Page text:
Marchantia square

A day in the life of a Marchantia lab

J Knoblich square

An interview with Juergen Knoblich

brain sex differences squared

Adventures in Studying Brain Sex Differences

lung organoids

Three dimensional human lung tissue in a dish

How The Bird Got Its Beak

Posted by on May 28th, 2015

Nature’s most interesting secrets can sometimes be found in our own backyards. One such secret is related to all birds, those pigeons, thrushes and sparrows that we see everyday. This familiarity means that we do not think too much of birds passing them by on our way to work or school. However, if the birds […]
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In Development this week (Vol. 142, Issue 11)

Posted by on May 26th, 2015

Here are the highlights from the current issue of Development:   Hippo signalling: not just for growth The Hippo signalling pathway regulates organ growth: activation of the pathway inhibits proliferation and promotes apoptosis. The core pathway consists of two kinases, Hippo and Warts, along with their adaptor proteins. Warts phosphorylates and thus inactivates the transcriptional […]
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An illustrated anatomical ontology of the developing mouse lower urogenital tract

Posted by on May 25th, 2015

Georgas et al. have presented a comprehensive update to the anatomical ontology of the murine urogenital system. These updates pertain to the lower urinary tract, genital tubercle and associated reproductive structures, covering stage E10.5 through to adult. The updates have been based on recently published insights into the cellular and gross anatomy of these structures, […]
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Molecular Control of Embryonic Development

Posted by on May 22nd, 2015

On the twentieth anniversary of the Nobel Prize for research in fly embryonic development By Peng Kate Gao 2015 marks the twentieth year since developmental biologists Edward B. Lewis, Christiane Nüsslein-Volhard and Eric F. Wieschaus won the Nobel Prize for their discoveries on the genetic control of early embryonic development (Figure 1). This anniversary is […]
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From our sister journals- May 2015

Posted by on May 19th, 2015

Here is some developmental biology related content from other journals published by The Company of Biologists.       Xenopus as a developmental model of neuroblastoma Neuroblastoma (NB) is a paediatric form of cancer derived from the sympathetic nervous system. Recent genome-wide sequencing data suggest that often NB does not have a clear genetic cause, […]
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Camelid antibodies go fishing

Posted by on May 18th, 2015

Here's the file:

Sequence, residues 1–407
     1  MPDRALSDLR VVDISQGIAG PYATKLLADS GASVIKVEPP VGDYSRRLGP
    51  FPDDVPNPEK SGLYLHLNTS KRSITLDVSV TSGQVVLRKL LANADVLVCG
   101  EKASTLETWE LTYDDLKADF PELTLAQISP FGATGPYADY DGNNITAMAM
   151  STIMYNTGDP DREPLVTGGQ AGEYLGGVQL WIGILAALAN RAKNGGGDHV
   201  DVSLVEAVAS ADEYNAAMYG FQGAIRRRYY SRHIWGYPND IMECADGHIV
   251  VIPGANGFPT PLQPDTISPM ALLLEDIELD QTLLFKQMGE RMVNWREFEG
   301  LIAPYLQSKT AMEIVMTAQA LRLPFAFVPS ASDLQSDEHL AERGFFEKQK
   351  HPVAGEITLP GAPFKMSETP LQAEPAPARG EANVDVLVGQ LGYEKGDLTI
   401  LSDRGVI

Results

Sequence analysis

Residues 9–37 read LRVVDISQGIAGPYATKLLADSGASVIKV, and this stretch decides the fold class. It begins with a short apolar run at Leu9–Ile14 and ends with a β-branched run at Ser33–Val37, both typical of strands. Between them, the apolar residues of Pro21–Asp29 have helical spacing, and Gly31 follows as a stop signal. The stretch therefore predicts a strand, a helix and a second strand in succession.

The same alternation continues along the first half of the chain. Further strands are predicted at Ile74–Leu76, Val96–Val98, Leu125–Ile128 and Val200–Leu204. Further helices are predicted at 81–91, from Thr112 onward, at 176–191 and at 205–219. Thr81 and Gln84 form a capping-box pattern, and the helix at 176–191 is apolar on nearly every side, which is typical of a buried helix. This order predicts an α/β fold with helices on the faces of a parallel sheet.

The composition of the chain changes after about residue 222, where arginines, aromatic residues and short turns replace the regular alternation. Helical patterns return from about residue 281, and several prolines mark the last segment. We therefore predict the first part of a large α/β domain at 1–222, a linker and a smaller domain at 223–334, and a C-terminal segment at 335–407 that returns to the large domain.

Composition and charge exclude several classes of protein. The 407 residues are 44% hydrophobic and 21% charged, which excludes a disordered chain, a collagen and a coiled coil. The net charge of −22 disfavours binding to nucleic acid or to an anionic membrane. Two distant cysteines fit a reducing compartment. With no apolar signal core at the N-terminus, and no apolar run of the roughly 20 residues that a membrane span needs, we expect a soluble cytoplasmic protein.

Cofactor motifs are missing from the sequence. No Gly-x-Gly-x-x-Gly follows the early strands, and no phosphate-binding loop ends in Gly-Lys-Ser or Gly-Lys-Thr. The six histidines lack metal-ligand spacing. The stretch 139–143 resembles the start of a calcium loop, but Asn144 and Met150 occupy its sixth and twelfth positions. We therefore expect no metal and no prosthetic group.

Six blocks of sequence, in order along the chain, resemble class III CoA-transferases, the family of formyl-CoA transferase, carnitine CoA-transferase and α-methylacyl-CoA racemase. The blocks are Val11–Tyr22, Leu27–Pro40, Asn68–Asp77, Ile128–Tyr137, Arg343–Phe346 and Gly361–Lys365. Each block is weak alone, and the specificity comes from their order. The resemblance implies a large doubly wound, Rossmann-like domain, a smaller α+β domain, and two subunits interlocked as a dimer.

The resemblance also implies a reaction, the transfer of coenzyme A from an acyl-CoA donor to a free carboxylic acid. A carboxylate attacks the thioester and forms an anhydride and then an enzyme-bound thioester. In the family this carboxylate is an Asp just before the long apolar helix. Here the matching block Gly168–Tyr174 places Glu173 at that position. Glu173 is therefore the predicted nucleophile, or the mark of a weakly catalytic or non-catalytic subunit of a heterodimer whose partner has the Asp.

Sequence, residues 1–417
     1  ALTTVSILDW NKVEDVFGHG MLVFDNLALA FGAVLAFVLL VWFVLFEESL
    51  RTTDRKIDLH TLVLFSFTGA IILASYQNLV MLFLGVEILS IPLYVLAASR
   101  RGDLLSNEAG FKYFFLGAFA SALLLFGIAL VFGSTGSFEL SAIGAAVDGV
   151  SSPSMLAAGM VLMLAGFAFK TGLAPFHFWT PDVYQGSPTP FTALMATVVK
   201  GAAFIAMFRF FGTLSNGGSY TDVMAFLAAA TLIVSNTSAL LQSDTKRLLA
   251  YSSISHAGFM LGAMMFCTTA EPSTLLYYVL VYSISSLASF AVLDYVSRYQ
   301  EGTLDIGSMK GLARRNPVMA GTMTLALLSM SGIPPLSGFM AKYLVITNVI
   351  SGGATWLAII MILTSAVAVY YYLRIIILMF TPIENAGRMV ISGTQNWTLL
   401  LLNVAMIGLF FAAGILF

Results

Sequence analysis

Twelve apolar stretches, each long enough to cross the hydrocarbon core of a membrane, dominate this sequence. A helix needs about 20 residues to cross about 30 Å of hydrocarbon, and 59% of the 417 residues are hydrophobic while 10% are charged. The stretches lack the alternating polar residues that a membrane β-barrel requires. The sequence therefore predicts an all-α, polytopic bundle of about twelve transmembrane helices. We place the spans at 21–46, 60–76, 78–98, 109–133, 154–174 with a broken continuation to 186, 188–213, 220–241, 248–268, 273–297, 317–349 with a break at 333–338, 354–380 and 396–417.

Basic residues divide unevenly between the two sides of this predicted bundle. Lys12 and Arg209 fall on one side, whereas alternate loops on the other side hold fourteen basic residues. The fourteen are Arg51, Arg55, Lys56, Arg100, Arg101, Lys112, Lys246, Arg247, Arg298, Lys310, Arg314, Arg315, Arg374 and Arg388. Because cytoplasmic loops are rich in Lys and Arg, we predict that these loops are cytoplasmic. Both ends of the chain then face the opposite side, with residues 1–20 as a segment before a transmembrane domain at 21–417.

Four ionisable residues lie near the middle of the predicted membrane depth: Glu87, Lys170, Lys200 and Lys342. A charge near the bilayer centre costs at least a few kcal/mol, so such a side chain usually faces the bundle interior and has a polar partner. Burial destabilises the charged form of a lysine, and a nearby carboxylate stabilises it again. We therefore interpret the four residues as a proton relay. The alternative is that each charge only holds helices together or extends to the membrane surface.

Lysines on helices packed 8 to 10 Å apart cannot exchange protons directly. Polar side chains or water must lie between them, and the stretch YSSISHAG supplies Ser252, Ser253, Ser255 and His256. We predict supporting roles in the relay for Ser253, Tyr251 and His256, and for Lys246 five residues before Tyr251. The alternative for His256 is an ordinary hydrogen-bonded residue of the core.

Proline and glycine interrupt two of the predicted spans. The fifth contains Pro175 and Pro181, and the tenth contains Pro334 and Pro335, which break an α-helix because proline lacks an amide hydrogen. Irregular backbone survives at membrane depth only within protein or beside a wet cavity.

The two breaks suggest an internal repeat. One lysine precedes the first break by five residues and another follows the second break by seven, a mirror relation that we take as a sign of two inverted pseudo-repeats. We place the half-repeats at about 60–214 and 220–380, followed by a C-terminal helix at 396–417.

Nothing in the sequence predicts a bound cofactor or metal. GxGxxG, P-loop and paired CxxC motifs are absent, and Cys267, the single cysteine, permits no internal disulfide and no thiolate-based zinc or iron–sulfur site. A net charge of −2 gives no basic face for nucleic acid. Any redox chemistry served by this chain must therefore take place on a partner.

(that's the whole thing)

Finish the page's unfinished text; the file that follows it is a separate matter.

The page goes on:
Figure 1. “Cytoplasm”, illustration by David S. Goodsell, the Scripps Research Institute.   When contemplating the illustrations by David S. Goodsell (Figure 1), the first thing that stands out is how cells are packed full with those wonderful little machines we call proteins. They move, interact and change shape to produce cellular functions, so our ability […]
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Cell motion associated with stemness

Posted by on May 14th, 2015

Stem cells play crucial roles in development as well as tissue homeostasis, repair, and regeneration, and their dysregulation is involved in diseases and aging of the tissues. The stem cell is defined as a cell that has the ability to self-renew and also to produce differentiated progeny for a long-term. Yet, stem cells require other […]
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In Development this week (Vol. 142, Issue 10)

Posted by on May 12th, 2015

Here are the highlights from the current issue of Development:   Capping off sesamoid bone development Sesamoid bones are small, flat bones that are embedded within tendons. To date, it has been thought that these bones develop within tendons in response to mechanical signals, but now (on p. 1831) Elazar Zelzer and colleagues challenge this […]
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Adventures in Studying Brain Sex Differences

Posted by on May 8th, 2015

by Peg McCarthy and Bridget Nugent The biological phenomenon of hormonally induced sexual differentiation of the brain has been an empirical topic of study for over 50 years1 but much remains to be discovered in terms of both mechanism and functional impact. In the McCarthy lab we exploit the many advantages of the laboratory rat […]
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Three dimensional human lung tissue in a dish

Posted by on May 6th, 2015

Pioneering efforts by others have made enormous strides in our ability to generate human lung tissue from human pluripotent stem cells (hPSCs); however, these efforts have largely focused on deriving lung-specific cells as flat monolayer cultures or growing these cells on scaffolds 1-7. In our paper, published recently in the open access journal eLife 8, […]
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